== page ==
“She said she never told me because he threatened her by saying that if she ever told, he would hurt me and the girls. Of course, by that point he already had… your aunt and uncle were forced onto me by assault. I didn’t want to have any more children after your mother was born. And my little girls… I could only protect them when I was home, but when I wasn’t around…Your mother was seven years old when she came crying to me when I got back from work. She said she had been bent over, feeding the chickens when he came over and…and…”

She couldn’t finish.

“He used to break broomstick handles over your mother’s head for her insolence. But she always fought back. Not like your great-grandmother. She was so tiny, so meek…I can never forgive myself for any of it.”

My ears felt like they were ringing, my chest felt heavy, my eyes were stinging. Three generations of women before me had been abused by the man who was sitting on the other side of the house…

Except that he wasn’t. He wasn’t on the other side of the house. Somehow, in all our sadness, we had missed the sound of his footsteps approaching. He was suddenly standing there, in the doorway looking silently at our puffy eyes and runny noses.

As our eyes met, he said, “Did you read the news about the EU?”  

I was incapable of saying a word. I wanted to get up and punch him in the face. I wanted to lash out and scream at him. I wanted to push him down the stairs, out of the house and away from all the people that I loved.

I looked at my grandmother. The defiant eyes were gone. She did not look scared of him: she looked scared of me. She gave an almost imperceptible shake of the head as if to say “Don’t.”  I thought I understood. He had already ruined everything that was sacred to her…her mother, her father, her children, herself. If I said anything, he would be on her as soon as I left. I kept my mouth shut. Once he had crossed to the living room, she whispered that I must promise to never never breathe a word to him about it. I promised, frightened of what he would do to her.   

I spent much of the next twenty four hours horrified. I tried to convince her that we needed to make a plan to get her away from him. She was infuriated by my many suggestions.

“You promised me you wouldn’t make a fuss!”

When it was clear that I wasn’t intending on giving up, she took me aside and looked me in the eye.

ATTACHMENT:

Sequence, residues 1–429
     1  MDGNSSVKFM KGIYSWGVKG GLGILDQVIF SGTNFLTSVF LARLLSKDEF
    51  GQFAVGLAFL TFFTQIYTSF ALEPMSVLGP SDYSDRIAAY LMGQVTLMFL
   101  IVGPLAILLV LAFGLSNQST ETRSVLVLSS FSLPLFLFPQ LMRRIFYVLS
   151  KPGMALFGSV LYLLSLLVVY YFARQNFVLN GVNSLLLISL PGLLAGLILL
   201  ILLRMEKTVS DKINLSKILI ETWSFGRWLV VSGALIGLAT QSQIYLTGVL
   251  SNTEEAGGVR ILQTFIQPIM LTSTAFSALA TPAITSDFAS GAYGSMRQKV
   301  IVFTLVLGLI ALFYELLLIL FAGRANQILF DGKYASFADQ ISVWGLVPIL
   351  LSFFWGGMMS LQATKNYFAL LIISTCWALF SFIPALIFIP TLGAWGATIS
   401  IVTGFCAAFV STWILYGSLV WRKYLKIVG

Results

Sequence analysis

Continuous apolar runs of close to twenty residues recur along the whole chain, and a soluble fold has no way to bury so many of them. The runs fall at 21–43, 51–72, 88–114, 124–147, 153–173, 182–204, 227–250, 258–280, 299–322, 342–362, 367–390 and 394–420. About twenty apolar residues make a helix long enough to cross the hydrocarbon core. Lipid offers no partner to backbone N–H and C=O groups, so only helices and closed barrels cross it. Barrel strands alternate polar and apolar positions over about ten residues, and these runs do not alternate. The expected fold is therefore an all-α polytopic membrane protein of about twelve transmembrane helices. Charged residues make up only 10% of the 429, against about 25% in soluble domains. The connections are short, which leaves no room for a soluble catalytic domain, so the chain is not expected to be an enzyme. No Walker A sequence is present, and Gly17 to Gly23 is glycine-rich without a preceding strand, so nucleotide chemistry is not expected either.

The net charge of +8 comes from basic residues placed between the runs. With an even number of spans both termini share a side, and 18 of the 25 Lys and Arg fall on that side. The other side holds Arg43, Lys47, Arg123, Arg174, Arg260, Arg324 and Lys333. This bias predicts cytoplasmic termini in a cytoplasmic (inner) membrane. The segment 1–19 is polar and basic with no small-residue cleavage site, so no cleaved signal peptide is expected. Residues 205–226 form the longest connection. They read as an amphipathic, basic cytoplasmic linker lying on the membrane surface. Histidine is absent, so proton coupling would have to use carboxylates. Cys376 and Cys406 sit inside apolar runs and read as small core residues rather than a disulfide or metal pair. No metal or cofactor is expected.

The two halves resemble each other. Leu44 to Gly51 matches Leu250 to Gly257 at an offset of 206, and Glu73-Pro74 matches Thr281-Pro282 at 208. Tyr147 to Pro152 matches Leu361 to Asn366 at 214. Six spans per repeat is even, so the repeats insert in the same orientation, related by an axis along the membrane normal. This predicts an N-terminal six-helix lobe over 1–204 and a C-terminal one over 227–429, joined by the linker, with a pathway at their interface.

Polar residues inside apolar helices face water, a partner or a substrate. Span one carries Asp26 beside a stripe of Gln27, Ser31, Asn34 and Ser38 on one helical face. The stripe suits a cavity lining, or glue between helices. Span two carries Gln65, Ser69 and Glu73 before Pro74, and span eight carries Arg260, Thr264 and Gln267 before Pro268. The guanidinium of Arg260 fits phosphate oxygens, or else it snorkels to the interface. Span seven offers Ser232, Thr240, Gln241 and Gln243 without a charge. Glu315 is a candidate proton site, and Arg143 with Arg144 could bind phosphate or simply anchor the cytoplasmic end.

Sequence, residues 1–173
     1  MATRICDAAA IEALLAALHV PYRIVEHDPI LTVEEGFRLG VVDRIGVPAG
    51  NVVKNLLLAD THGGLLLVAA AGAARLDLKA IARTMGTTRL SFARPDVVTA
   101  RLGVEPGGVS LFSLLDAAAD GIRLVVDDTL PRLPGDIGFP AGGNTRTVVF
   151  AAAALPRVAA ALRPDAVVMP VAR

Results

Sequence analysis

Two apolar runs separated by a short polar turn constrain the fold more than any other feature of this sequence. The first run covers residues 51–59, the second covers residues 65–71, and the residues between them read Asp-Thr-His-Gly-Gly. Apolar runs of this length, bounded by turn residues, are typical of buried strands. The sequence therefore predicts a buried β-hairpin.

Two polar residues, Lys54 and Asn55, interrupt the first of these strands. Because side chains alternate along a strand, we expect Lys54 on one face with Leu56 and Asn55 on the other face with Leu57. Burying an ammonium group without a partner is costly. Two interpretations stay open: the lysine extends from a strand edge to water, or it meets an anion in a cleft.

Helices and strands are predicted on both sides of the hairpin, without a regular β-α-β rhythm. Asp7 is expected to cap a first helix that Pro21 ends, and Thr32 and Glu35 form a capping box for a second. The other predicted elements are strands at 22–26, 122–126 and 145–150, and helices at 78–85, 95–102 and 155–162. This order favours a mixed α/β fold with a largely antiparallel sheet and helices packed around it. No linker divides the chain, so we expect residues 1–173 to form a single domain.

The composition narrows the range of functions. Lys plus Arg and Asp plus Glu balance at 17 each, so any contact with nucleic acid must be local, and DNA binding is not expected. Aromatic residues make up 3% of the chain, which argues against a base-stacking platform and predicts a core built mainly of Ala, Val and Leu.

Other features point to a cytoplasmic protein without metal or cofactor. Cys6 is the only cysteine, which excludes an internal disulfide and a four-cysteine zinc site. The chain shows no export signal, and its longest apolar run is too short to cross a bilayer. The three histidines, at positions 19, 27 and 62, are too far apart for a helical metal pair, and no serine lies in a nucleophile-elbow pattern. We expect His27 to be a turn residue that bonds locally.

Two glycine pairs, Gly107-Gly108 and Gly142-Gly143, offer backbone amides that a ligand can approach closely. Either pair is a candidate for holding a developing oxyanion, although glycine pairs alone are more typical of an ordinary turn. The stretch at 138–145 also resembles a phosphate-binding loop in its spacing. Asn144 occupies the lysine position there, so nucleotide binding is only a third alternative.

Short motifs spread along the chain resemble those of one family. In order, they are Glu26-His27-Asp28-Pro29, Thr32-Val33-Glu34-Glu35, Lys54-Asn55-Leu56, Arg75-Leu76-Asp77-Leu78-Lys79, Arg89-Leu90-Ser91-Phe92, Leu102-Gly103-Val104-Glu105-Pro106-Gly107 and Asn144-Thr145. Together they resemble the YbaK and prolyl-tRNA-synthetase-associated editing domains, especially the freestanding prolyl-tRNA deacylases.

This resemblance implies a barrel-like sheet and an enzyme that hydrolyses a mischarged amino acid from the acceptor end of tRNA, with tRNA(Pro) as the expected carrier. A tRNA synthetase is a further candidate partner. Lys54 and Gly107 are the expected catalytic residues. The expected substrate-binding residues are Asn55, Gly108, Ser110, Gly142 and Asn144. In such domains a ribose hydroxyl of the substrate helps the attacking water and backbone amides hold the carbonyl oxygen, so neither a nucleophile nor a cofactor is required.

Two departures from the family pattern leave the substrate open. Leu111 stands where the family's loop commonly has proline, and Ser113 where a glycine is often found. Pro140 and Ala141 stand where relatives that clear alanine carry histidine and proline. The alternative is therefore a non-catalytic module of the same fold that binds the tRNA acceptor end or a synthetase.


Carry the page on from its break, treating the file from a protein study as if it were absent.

“I’m not afraid of your grandfather. He can do nothing worse than what he has already done. So stop trying to ruin everything. I was foolish to think that you would ever understand.”

I was so confused. I had thought that she didn’t want me to say anything precisely because she was afraid of the violence he might cause.

It has taken me a long time for me to understand why she hasn’t left. I see now that my grandmother has had very few choices in her life…but her choice to stay or leave is hers to make, not mine to make for her.  So much has already been taken from her. Who am I to take away her one last choice to solemnly await death? She has decided for herself that while on earth she cannot escape the madness and guilt of his doing. No physical distance from him can set her free from her anger towards herself. She seems to choose to be within hating distance of him so as to concentrate all her silent fury outward, instead of in. As much as she hates him, I feel she hates herself more for not having been able to stop him. She comes from a generation that doesn’t believe in counselling, so I have no way to help her shed her guilt. Instead, she waits for the end.

these words by Jo-Ann Zhou were inspired by the colour of Raphael Varona

these words by Jo-Ann Zhou were inspired by the colour of Raphael Varona

On Art and Relationships: “Extending the Pattern”

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word by Josh Elyea 

colour by Mojo Wang

          Jane knows that compartmentalization is the key to a healthy relationship. She’s put all the little boxes where they belong, and for God’s sake, she’s going to leave them there.

          Jack says the simplest things in life are the most insidious. Comfort, for example. No good can come from comfort, he says. He’s speaking while deftly disassembling a French press that hasn’t been cleaned in months; Jane is only half listening, since she’s just put on Joe Strummer and the Mescaleros and is ruminating on the late singer’s post-Clash career with a keenness she’s not able to summon for the tired lecture aimed in her general direction. Rather, she’s enamoured with the sound quality pouring from their new BOSE Sound System. You really do pay for quality.

          It’s only after a large purchases, like a new BOSE Sound System, when Jack and Jane fight about money. It’s only in those moments that Jane’s chosen profession matters; only after the limited square footage of the apartment has been claimed, carefully cordoned off with a clear presence on either side does it matter what she does for a living. Jack wouldn’t go so far as to suggest she do something else with herself; no, he’s fairly certain art is where she belongs. He’d sure to like to see her make some money from it though, and he’ll be damned before he feels awful for saying so. Or, at least, that’s how this argument went the last time they had it, and the time before, and before…